I have been commuting to work by plane for 21 years (the last decade or so exclusively on Southwest). My thoughts after reading the initial post and the numerous responses are that: (1) You can wear ear plugs or listen to headphones to block out crying babies or annoying drunks/loud talkers. (2) You can wear an eye mask to block visions of peoples' unsightly behaviors. (3) Smells are a bit harder to combat; however, you can always try placing a scarf over your nose and mouth to filter foul oders. I carry a thin scarf in my backpack sprayed lightly with perfume and use it occasionally for that purpose. But sitting next to extra-large passengers, no matter how nice or clean or apologetic, is a different issue. It isn't so much of a problem on a flight lasting an hour. It is a horrible problem when another person's flesh flows under and above the armrest and envelops a portion of your body in the space you have paid for. I have literally deplaned with a portion of my clothing dripping with sweat after a 4-hour flight. My sweat? The large passenger's sweat? Both? Who knows. I find this treatment unacceptable and honestly feel violated. Flight attendants should be trained to deal with situations where large customers obviously don't fit in a single seat and either re-seat them or re-accomodate them on another flight. Most importantly, there should be a notice BEFORE COMPLETING RESERVATIONS that people of size need to be aware of special Southwest policies. I don't blame large passengers. I do blame Southwest for not making their policies clear and protecting the rights of all passengers.

Re: People of Size

chgoflyer
Top Contributor

Southwest gives Customers of Size a 2nd seat for free. So they are never going to have any sort of "notice before completing reservations." 😉

 

In practice, only very, very large people are ever identified by agents prior to boarding. If Southwest started giving that free 2nd seat to everyone who encroached onto an adjacent seat, they would go out of business quickly -- or need to raise fares to compensate.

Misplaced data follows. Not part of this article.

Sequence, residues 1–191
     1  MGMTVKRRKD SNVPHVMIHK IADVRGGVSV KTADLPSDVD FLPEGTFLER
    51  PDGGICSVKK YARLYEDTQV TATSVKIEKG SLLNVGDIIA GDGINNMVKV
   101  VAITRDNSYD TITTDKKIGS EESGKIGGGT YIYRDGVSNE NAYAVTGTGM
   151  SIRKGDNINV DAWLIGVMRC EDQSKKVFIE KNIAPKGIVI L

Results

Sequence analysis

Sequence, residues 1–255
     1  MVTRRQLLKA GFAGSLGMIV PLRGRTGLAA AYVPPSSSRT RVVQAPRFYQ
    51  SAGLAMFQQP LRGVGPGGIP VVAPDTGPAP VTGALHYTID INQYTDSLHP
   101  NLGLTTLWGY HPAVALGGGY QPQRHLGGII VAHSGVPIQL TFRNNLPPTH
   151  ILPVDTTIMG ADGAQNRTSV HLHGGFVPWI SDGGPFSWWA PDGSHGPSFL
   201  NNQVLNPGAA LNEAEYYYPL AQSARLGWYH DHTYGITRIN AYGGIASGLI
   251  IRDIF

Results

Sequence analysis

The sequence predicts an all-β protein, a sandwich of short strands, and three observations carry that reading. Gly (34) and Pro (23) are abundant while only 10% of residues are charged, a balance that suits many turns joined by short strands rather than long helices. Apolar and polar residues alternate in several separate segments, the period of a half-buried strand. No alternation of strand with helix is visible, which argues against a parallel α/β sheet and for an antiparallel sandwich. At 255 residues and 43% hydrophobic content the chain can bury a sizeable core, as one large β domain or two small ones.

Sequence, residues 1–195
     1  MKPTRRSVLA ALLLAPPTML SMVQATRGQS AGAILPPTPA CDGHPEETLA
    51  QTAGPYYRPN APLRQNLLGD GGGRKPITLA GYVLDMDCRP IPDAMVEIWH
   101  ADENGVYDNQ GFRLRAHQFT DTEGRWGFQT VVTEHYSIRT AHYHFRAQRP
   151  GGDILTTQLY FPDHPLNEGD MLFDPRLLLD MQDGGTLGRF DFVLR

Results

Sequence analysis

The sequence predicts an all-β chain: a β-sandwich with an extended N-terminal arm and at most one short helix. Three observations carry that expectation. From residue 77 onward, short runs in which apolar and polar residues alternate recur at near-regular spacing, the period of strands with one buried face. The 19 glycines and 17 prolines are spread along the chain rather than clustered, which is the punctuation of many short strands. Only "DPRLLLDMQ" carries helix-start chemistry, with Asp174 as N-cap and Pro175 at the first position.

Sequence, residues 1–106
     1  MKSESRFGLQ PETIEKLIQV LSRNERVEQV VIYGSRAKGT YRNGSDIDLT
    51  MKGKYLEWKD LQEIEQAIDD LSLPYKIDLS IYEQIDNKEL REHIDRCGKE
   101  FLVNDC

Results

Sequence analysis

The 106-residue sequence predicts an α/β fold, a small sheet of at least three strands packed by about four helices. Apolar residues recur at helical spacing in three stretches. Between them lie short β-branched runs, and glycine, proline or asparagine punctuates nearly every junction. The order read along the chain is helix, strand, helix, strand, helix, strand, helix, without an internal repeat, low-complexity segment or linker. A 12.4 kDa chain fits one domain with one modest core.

I've found that, if you get a FA's attention and discretely state the issue, prior to the plane being fully boarded, they will relocate you to another seat. They may or may not deal directly with the COS, often depending on the flight load.

 

When the COS is one of the last people to board it gets trickier. At that point you risk taking a later flight should the agents refuse to reaccommodate the COS.

 

I do wish Southwest would promote their COS policy more so that those who need it would take better advantage of it, but I think it's unrealistic to think that will ever happen.

Re: People of Size

mark9255
New Arrival

Hello, I recently had the same experience and agree with what you are saying.  What I'm wondering is does anyone know what to do when the "person of size" encroaches on a seat that we have paid for?  Do "people of size" care about our comfort or the money we paid for our seat?  No one wants to create a scene so what are the options?  I'm going to contact SWA to see if I can get an answer.

Re: People of Size

sebomiltos
New Arrival

Hey hey - fat dude here.  Trust me, I am just as mortified as the rest of you with TWF (traveling while fat).  I don't want to encroach on your space and I want your trip to be as uneventful and comfortable as possible.  Prior to learning about Southwest's COS policy, I did everything I could to minimize inconvenience for my follow passengers.  I payed for earlybird boarding, sat next to windows and leaned against the hull, and I even fasted the day prior to the flight so that I wouldn't have to get up and use the bathroom on long flights.  

 

One day prior to a packed flight, a gate attendant approached me and offered me an extra seat.  I'll be honest - that gesture alone likely made me a customer for life.  I've been utilizing their COS policy ever since.  I still pay for early bird boarding and follow my routine flying habits....but I am glad Southwest has made it easy to take the anxiety out of flight for myself and my fellow passengers.